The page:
Agents with expired vests vented, prepared for ‘misfortune’
By JULIE CARR SMYTH
Tuesday, August 21
COLUMBUS, Ohio (AP) — Records show Ohio Bureau of Criminal Investigation agents and supervisors raised concerns about expired body armor for more than a year before a union grievance was filed this May.
Emails released by Republican Attorney General and gubernatorial candidate Mike DeWine’s office show behind-the-scenes anxiety surrounding more than 50 bulletproof vests that had passed their five-year expiration dates.
All vests are now on order.
One employee said he was “afraid to ask” how old one officer’s vest was. A supervisor said he wouldn’t allow agents to go through “a single door” until their vests were replaced. An agent started submitting monthly photos of his vest “in case of any misfortune!”
Meanwhile, DeWine was scheduled to receive a personal vest. His spokesman says DeWine didn’t ask for or receive the body armor.
Ohio Secretary of State’s Office to Honor Bike Lady, Inc.
COLUMBUS – Bike Lady, Inc. in Blacklick has been selected by Secretary of State Jon Husted as one of August’s featured businesses for the Ohio Business Profile program.
A representative from the Secretary of State’s office will visit Bike Lady, Inc. to present a certificate highlighting this accomplishment. As part of the Ohio Business Profile program, Secretary Husted declared August as “Nonprofit Businesses” Month to highlight nonprofit entities across the state.
Bike Lady, Inc. has a mission to enrich daily life experiences and expand opportunities for Ohio’s at-risk youth by providing new bikes, helmets, and locks. Bike Lady, Inc. also partners with the Ohio Department of Rehabilitation and Correction, as offenders in 10 Ohio prisons assist in assembling bikes the program provides.
Friday, August 24, 2018, at Correctional Reception Center in Orient.
Central Ohio school board member nominated as OSBA president-elect
COLUMBUS — Lee Schreiner was recently selected as the Ohio School Boards Association’s (OSBA) 2019 president-elect nominee. If elected during OSBA’s statewide conference in November, he will become OSBA president in 2020 following his term as president-elect.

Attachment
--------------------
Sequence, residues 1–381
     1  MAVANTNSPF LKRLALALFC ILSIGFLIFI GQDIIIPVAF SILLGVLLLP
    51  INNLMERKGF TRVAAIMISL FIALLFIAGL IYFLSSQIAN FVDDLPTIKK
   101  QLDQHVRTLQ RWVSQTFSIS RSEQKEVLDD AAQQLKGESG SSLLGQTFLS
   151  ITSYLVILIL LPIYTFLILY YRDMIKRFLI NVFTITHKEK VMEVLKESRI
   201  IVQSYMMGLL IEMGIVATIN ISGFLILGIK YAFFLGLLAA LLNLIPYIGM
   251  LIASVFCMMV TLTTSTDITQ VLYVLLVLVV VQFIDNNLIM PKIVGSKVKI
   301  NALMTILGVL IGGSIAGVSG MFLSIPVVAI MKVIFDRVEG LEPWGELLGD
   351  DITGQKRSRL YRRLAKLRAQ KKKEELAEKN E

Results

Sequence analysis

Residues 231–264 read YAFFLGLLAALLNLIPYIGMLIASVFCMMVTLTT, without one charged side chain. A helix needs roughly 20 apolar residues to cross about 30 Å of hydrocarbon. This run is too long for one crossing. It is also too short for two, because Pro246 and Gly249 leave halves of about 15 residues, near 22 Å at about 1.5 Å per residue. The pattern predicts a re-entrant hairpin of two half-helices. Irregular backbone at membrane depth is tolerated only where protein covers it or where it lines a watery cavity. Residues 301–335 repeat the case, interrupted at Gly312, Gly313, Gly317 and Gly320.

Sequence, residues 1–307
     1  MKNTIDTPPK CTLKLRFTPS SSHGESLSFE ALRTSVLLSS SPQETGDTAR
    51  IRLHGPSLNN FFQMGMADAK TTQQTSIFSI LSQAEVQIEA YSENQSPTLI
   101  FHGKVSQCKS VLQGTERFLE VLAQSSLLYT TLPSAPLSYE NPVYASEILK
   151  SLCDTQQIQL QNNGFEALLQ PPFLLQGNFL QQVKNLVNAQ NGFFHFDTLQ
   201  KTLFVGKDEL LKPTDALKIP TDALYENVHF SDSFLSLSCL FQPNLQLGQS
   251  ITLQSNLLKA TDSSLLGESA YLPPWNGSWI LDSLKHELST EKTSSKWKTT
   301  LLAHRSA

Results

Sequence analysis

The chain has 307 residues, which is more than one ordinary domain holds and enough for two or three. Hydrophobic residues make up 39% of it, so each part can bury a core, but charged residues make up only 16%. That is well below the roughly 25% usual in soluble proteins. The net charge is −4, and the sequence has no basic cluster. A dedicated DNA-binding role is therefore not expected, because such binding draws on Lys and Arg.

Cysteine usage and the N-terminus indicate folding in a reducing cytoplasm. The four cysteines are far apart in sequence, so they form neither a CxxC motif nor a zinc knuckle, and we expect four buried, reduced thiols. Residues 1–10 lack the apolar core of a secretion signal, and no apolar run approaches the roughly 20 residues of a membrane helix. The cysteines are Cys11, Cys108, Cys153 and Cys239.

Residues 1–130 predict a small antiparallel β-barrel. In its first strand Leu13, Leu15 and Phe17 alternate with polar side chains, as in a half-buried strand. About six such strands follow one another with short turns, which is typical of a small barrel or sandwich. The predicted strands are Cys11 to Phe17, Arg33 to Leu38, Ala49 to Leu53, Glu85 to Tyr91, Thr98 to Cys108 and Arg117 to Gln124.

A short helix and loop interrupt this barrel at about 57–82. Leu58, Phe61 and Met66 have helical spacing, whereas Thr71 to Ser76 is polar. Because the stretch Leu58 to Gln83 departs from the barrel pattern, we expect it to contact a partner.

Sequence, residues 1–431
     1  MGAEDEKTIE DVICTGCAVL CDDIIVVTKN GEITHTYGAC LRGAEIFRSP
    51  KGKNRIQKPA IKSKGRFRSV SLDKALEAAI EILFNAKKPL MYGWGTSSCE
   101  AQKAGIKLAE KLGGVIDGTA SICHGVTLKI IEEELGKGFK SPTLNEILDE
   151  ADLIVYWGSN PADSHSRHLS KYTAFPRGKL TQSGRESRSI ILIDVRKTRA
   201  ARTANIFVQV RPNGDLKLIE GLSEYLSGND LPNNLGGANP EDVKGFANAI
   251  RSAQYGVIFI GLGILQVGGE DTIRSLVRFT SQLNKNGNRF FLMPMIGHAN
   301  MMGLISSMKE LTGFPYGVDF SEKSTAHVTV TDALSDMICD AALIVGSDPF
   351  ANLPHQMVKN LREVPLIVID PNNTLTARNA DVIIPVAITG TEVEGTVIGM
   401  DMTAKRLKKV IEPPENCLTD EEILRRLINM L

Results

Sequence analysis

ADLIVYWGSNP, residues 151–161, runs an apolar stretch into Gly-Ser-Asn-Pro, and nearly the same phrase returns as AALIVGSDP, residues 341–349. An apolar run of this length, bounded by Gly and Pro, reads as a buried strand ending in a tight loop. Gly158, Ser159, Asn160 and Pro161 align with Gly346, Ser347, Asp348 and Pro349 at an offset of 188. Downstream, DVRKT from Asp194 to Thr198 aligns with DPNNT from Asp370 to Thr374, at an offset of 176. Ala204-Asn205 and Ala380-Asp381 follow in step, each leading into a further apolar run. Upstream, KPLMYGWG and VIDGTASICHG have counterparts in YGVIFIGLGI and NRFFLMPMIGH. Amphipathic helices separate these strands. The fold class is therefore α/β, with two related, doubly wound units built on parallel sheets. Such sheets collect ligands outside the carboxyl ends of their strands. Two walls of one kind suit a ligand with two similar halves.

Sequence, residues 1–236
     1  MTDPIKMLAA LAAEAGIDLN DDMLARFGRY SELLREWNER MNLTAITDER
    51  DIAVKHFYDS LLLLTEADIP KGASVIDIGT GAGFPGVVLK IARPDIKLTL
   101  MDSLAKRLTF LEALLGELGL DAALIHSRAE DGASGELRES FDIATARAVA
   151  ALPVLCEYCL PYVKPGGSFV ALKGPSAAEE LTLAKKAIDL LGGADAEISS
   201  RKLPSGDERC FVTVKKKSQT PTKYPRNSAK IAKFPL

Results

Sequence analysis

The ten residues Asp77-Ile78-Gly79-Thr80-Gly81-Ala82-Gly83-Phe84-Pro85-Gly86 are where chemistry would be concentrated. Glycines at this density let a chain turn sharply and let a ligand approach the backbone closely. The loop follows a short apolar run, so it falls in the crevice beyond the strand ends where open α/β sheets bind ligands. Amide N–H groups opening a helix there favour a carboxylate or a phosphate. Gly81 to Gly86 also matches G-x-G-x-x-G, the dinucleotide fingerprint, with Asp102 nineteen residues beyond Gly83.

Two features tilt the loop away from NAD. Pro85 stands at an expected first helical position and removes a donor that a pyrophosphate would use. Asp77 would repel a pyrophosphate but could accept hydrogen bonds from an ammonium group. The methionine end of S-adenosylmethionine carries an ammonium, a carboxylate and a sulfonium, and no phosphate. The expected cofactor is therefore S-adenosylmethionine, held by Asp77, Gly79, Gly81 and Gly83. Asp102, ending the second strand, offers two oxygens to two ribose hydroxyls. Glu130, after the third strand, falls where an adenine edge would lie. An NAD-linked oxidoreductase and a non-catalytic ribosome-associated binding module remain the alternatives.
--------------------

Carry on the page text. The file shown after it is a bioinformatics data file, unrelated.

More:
Schreiner was appointed to the South-Western City Schools Board of Education in 2013 and then was twice elected. The retired teacher who taught for 37 years in the South-Western district currently is serving as board president following two consecutive terms as vice president in 2017 and 2016.
Schreiner also serves on OSBA’s Board of Trustees, Executive Committee, Federal Relations Network and Central Region Executive Committee. He was the Central Region president in 2017.
“I’m humbled and honored to be able to work with an organization that deals with not only boards of education and public education but also affects the future for students in Ohio,” Schreiner said. “To be able to work with folks around the state who do that on a daily basis would only be an added honor.”
Schreiner, who ran for a seat in the Ohio House of Representatives in 2016, remains actively involved in the association’s legislative efforts at both the state and national levels. In 2008, he was a member representative of Gov. Ted Strickland’s Governor’s Institute for Creativity and Innovation in Education.
Schreiner has served on numerous levy and bond committees during his district’s ongoing, multiphase Ohio Facilities Construction Commission project. He also tutors South-Western City students in reading, continues to write children’s books and has coached high school and collegiate soccer.
In the Grove City community, the part-time paralegal is a member of the Lions Club and devotes his time to numerous organizations and charities, including the United Way, WOSU public radio and the American Red Cross.
Schreiner and his wife, Jane, have been married for 42 years. Their two sons, Damien and Sebastian, graduated from South-Western City Schools.
In its 63rd year, the Ohio School Boards Association leads the way to educational excellence by serving Ohio’s public school board members and the diverse districts they represent through superior service, unwavering advocacy and creative solutions.
Opinion: Smart Meters for Diabetes Monitoring
By Robert Graboyes and Sara Rogers
If you want better health for more people at lower cost, look beyond the D.C. Beltway, the state capitals and even America’s borders. For one example among many, the Dario Blood Glucose Monitoring System’s story exhibits many of the hallmarks of how and why technological innovation occurs in health care — and how it succeeds.
According to some estimates, diabetes may account for a mammoth 10 percent of America’s health care spending and a great deal of personal suffering. Nearly 10 percent of Americans suffer from diabetes, with an additional 20 percent exhibiting signs of prediabetes. The disease can ravage sufferers — pain, amputation, disability, massively reduced quality of life, and enormous expense among the results.
Erez Raphael, the Israeli founder of Tel Aviv-based Dario, was an accomplished technologist in areas of software development outside of health care. He struggled with severe diabetes, inspiring him to attack the malady that attacked him. His creation shifted part of the burden of care away from the scarce inventory of health care providers and toward the vast number of sufferers who, no doubt, are as motivated as Raphael to beat back the illness.